Operation Mountain Viper put the soldiers of A Company, 2nd Battalion 22nd Infantry Division, 10th Mountain in the Afghanistan province of Daychopan to search for Taliban and or weapon caches that could be used against U.S. and allied forces. Soldiers quickly walk to the ramp of the CH-47 Chinook cargo helicopter that will return them to Kandahar Army Air Field. (U.S. Army photo by Staff Sgt. Kyle Davis) (Released)
It’s over. Dealmaker Donald says he’s ended America’s long nightmare in Afghanistan, finally halting 18-plus years of grinding war–the longest in US history. After more than 2,400 Americans killed (and another 20,000 wounded), more than 100,000 Afghans killed (and countless more maimed), and roughly $2 trillion wasted, Trump is crowing that he’s negotiated an end to that expensive and pointless military adventure.
Only … he hasn’t. His flimsy, four-page document, signed with a group of Taliban officials on February 29, is not an end to hostilities and does not require disarmament or even a cease-fire. It’s just a cynical, face-saving device so Trump can withdraw a few troops, then claim in his re-election campaign that he’s fulfilling his 2016 promise to “end endless wars.” This so-called Afghan peace accord merely asks Taliban warlords to agree to–get this–a 7-day “reduction in violence.” There’s not even a clear statement on what constitutes a reduction or violence, much less defined steps to real peace.
The deal is so weak that Trump’s secretary of state, Mike Pompeo, mustered only a jumble of weasel words to describe it: “We are now on the cusp of having an opportunity which may not succeed.” Taliban leaders were far less wishy-washy. Just before signing, they boldly staged a victory parade and hailed the event as “a day of pride” for their win over “invader Americans.” Some US military leaders privately doubt the deal will survive until our November election. And even as it was being signed, Pentagon chief Mark Esper emphasized that the US “would not hesitate to nullify the agreement” and resume the war if the regional warlords act up.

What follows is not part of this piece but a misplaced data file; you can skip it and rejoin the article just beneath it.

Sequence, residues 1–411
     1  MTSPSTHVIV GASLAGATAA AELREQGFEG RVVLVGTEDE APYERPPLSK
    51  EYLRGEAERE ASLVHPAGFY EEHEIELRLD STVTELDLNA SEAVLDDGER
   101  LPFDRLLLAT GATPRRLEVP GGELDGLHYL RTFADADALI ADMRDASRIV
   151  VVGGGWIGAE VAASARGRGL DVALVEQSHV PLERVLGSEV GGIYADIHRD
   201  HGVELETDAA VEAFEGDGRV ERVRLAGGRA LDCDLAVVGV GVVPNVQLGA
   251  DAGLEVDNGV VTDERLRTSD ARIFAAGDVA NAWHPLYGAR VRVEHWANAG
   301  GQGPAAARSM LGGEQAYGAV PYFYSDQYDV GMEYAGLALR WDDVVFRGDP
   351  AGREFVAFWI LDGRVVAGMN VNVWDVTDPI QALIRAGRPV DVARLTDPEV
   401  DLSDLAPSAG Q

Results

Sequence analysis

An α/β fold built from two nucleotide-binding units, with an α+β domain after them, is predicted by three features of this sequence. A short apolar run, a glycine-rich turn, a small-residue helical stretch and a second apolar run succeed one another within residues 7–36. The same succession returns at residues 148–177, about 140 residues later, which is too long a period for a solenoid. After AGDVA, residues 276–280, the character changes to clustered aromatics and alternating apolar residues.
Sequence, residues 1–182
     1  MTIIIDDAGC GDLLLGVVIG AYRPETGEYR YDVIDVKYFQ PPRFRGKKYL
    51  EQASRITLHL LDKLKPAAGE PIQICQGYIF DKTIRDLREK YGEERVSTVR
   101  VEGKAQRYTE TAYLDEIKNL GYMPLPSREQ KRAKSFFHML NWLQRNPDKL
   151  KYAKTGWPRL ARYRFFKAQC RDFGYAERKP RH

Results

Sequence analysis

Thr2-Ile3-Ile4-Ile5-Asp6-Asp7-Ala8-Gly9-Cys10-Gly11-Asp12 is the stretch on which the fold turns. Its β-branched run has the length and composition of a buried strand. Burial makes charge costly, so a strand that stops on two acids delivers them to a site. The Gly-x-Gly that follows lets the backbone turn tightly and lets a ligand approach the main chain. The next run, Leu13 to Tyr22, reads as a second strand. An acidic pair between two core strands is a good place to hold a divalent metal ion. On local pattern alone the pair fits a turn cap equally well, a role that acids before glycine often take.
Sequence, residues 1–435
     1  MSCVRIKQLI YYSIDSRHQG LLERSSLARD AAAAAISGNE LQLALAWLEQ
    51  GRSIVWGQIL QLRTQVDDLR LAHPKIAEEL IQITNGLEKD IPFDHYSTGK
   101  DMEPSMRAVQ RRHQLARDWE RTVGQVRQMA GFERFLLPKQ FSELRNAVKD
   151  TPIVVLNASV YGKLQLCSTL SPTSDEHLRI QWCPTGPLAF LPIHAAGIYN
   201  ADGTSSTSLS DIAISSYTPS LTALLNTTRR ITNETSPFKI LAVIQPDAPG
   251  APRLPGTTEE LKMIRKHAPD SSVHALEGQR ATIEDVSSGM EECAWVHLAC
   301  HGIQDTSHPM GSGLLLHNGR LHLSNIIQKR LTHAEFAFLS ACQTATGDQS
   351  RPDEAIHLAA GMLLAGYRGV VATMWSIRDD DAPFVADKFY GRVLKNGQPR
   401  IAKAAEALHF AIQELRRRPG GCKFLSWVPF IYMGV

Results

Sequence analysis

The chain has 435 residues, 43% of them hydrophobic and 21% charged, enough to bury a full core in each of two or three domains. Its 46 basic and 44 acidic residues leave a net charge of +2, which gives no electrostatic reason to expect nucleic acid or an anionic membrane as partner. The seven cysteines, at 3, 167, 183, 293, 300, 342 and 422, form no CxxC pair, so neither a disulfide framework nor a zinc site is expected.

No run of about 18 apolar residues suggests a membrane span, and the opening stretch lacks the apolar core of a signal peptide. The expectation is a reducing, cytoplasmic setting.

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Oops … some already have. The 7-day hiatus in hostilities promised by Trump’s peace ploy was violated after just three days! On March 3, the Taliban mounted 43 attacks on security checkpoints run by the US-backed Afghan military, killing at least 25 of our allied soldiers. The next day our own drones attacked the Taliban fighters. Embarrassingly, this sudden re-eruption came only a few hours after Trump bragged of a phone call with the Taliban’s chief peace negotiator, who had assured him they “don’t want violence.” Our wheeler-dealer-in-chief called it “a very good talk.”
Far from facilitating withdrawal, Trump’s presidential PR job of an agreement creates conditions for more US involvement. The concession to release 5,000 Taliban fighters from Afghan prisons summarily reverses military gains that Americans and allies died to make. Moreover, the deal extends US entanglement by specifically committing our troops and taxpayers to keep backing and financing the weak Afghan military indefinitely–while also pledging to continue paying for and propping up this wobbly nation’s corrupt, deeply divided, and hopelessly incompetent government.
So, as usual in a Trump deal, this one is all about him. and far from extricating the us, it provides an escape clause written for his own political advantage.